Wales

Salmonella outbreak linked to ham as cases rise to 57

Salmonella bacterium
Image caption The source of the outbreak has still not been identified

The source of an outbreak of salmonella in Conwy and Gwynedd has been potentially linked to cooked ham supplied to small independent butchers.

The number of confirmed cases had risen to 57 - 36 of them in England.

They range from a seven-month-old baby to a pensioner of 87. Nine people have been treated in hospital.

The new clusters in England include West Yorkshire, Thames Valley, Cumbria and Lancashire.

Experts from Public Health Wales (PHW) have been working with Public Health England, the Food Standards Agency and environmental health officers to find possible links between the cases and trace the source of the outbreak, after it was initially reported last month.

The suppliers have still not been traced but the link to cooked ham is common in the cases so far.

Dr Judy Hart, consultant in communicable disease control for PHW, said: "The strain of salmonella we are investigating is very unusual so it is highly unlikely that the cases in England and Wales are coincidence.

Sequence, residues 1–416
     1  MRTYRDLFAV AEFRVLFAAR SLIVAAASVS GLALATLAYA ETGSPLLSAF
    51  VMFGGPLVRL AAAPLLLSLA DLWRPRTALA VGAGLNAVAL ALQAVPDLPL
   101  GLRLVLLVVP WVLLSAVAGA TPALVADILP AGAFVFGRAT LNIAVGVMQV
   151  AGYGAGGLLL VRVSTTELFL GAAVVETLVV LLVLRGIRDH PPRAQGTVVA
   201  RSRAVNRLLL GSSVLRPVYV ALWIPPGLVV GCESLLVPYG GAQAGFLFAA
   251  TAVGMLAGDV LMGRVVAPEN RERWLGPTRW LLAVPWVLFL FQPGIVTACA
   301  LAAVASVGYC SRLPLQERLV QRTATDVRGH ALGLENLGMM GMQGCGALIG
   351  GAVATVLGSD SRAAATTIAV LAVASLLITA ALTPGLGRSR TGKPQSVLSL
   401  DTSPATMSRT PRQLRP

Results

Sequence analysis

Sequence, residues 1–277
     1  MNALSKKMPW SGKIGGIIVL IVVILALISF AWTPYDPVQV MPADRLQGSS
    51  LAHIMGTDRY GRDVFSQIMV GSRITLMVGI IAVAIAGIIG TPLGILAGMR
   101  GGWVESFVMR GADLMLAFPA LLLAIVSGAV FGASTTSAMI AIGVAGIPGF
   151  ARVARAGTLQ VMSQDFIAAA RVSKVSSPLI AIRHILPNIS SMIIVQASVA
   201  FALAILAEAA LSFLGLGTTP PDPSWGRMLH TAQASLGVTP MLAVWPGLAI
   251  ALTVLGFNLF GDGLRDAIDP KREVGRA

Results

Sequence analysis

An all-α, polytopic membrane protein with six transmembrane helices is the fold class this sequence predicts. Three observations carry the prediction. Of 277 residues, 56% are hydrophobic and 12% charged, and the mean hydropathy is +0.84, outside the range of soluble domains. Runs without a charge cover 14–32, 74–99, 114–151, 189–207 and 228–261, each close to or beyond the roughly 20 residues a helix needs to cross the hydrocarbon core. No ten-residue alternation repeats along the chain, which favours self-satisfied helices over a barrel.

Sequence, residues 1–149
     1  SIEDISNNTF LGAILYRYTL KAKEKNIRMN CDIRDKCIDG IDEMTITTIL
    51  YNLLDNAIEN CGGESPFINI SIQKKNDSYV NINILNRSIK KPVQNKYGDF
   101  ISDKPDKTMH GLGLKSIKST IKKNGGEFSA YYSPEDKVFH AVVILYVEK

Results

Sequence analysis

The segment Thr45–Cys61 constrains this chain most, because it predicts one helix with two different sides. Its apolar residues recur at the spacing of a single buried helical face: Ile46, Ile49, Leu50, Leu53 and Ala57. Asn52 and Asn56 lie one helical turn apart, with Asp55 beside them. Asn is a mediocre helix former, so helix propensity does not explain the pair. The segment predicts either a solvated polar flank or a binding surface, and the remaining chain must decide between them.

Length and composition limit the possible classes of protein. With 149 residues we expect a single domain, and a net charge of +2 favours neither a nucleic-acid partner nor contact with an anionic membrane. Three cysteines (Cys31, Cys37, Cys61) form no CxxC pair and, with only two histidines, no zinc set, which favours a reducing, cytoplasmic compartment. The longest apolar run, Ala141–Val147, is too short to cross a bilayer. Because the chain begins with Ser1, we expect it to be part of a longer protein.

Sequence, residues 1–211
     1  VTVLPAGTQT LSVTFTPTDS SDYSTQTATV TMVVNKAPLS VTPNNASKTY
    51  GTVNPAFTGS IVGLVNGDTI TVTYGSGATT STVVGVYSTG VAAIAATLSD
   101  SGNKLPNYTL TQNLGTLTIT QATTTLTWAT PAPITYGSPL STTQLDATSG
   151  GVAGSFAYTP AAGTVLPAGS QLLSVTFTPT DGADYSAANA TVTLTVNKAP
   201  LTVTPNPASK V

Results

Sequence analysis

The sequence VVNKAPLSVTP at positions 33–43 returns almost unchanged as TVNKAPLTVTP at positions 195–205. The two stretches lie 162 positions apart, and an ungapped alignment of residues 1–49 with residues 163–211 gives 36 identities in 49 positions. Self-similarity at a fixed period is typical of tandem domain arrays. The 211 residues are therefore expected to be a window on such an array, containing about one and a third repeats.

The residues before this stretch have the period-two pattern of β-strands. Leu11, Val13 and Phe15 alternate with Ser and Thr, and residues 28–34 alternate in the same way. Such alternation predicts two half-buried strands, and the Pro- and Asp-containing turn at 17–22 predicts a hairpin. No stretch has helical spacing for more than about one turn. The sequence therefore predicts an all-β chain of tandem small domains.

"Testing has been carried out on ham supplied to a number of butchers identified as part of the investigation."

No trace of salmonella has been found, but other hygiene issues were identified that led to one supplier voluntarily withdrawing certain batches of ham.

"A number of lines of inquiry are still being investigated and we continue to monitor the situation," said Dr Hart.

"Although it is an unpleasant illness, people who become ill with salmonella generally make a full recovery."

Last month, officials said five of the 22 people from north-west Wales, including children, were hospitalised but have since been allowed home.

The outbreak began in mid-July, with public health officials saying it was not concentrated on one particular town or locality. .

Health officials say 22 cases have been confirmed with the same unique strain but they have yet to find a common link.

Environmental health officers in Conwy and Gwynedd councils and PHW are investigating.

The clusters in England include another eight confirmed cases in West Yorkshire, including two people treated in hospital - according to Public Health England (PHE).

Another eight combined cases are in Cumbria and Lancashire - which includes an 86-year-old patient in hospital.

There are also seven cases in the Thames Valley and five combined in Bedfordshire and Hertfordshire.

Cases have also been reported in places as far apart as the north east of England and Norfolk.

Dr Bob Adak, head of the gastrointestinal diseases department at PHE, added: "Investigating outbreaks of food-borne illness is a complex process as people have to try and remember what they ate some weeks prior to becoming unwell.

"In this instance many reported eating cooked meats. The FSA is following all possible leads along with Environmental Health to try and establish the source of the outbreak. This process is ongoing"

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